Participation in WIPO-SCP, the 24th session in Switzerland
WIPO-SCP, which was founded in 1998, is a committee for developed and developing countries to gather and discuss issues related to international development of t he patent law, push forward cooperation therein, and develop guidelines therefor. Last year, the number of the meetings to be held was changed from once a year to twice a year. Some representatives from government agencies and representatives from NGO, etc. as observers from around the world participate in the meeting and hold discussions. JIPA is a formal observer who has a voice in the session.
WIPO-SCP has since last year been discussing the 5 major agenda of "Exceptions and limitations to patent rights," "Quality of patents, including opposition systems," "Patents and health," "Confidentiality of communications between clients and their patent advisors," and "Transfer of technology," and the necessity of a revision of the WIPO Model Law enacted in 1979. As harsh opinions were also expected in this year's meeting from developing countries about patent systems relating to pharmaceutical products, JIPA again sent a delegation from the Medicinal and Biotechnology Committee to address that issue. In particular, in order to enable timely expression of our opinion on the importance of patent systems in drug discovery and approaches to Access to Medicine in the pharmaceutical industry, we prepared a draft statement by working with the Japan Pharmaceutical Manufacturers Association (JPMA) and IFPMA. Furthermore, the delegation also consulted JPO before participating in the meeting.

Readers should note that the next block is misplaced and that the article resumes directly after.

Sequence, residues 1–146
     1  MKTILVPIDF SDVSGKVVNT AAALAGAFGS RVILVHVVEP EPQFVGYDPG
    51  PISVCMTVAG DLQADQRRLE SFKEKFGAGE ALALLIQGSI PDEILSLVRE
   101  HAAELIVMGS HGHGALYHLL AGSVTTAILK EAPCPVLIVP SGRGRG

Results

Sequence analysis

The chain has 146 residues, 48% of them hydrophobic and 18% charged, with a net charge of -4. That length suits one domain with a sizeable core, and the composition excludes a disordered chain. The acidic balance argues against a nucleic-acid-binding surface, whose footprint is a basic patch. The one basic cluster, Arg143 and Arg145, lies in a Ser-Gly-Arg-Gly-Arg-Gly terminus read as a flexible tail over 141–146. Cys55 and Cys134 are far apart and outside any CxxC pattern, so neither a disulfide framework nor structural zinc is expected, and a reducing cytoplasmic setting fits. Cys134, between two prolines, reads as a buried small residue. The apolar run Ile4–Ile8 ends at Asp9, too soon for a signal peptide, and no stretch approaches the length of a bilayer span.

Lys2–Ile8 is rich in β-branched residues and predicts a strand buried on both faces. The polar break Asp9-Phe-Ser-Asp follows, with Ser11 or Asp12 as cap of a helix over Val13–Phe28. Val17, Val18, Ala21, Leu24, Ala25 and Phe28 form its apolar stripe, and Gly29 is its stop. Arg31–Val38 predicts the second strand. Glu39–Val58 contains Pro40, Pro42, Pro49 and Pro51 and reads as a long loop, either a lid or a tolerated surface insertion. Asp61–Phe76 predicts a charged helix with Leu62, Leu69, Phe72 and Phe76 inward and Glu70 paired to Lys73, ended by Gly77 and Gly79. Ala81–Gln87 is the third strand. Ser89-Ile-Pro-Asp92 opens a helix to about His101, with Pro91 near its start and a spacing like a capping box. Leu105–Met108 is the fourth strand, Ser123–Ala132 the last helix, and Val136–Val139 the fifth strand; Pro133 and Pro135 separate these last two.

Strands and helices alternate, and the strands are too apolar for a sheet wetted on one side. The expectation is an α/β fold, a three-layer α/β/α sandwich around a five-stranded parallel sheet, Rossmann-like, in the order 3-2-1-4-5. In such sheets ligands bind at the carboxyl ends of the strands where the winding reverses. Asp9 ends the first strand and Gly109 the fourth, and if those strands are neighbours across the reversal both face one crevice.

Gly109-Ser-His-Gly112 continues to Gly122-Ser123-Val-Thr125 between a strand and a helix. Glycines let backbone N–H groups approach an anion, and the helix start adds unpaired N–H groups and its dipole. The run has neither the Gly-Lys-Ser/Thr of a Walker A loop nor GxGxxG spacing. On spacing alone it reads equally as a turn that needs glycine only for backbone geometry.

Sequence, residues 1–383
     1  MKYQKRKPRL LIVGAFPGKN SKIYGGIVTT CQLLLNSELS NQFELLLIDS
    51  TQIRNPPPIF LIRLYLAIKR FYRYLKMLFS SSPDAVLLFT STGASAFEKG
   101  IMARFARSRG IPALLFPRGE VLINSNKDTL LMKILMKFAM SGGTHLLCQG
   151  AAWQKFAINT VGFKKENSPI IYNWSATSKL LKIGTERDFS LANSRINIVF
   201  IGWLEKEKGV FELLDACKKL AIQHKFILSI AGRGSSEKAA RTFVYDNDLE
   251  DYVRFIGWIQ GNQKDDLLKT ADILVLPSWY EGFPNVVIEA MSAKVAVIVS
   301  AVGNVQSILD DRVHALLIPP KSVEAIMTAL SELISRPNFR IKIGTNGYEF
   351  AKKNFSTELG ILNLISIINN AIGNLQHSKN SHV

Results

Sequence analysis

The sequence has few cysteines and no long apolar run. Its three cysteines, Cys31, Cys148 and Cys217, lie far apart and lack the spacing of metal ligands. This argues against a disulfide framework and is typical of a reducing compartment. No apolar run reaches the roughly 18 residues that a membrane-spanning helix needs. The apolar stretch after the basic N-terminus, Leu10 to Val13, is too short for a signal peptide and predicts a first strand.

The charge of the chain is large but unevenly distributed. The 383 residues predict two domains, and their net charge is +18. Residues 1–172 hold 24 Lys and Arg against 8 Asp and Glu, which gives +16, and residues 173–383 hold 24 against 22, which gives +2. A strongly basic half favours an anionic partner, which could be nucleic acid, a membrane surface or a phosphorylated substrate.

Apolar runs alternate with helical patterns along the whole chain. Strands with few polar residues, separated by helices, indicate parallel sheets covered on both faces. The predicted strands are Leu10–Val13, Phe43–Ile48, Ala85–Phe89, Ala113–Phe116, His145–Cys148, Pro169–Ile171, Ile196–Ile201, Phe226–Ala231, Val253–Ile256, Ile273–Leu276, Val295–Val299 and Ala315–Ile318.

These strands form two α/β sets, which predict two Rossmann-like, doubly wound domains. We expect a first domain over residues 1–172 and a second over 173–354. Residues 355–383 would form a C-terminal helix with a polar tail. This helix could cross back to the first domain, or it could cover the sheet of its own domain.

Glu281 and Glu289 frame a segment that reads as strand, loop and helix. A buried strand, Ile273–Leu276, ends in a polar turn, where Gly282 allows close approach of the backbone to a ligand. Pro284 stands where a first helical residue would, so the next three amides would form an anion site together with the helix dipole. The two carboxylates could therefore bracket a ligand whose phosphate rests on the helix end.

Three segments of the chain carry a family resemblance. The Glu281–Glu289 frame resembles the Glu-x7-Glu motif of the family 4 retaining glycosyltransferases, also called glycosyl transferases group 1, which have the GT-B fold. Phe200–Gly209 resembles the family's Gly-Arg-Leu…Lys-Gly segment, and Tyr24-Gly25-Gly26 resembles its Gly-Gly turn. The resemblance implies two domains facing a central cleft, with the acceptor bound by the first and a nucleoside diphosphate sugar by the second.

Before this meeting, JIPA, an NGO in a developed country, made previous arrangements in cooperation with JPO and JPMA, and in the meeting JIPA achieved significant results as it successfully delivered the statement although there were many opinions from developing countries. However, we felt that it was still necessary to introduce the efforts of the Japanese pharmaceutical industry honestly tackling challenges in the development of new drugs and Access to Medicine in developing countries, and to seek appropriate patent protection of pharmaceutical products.
- Members from Japan
- Conference Room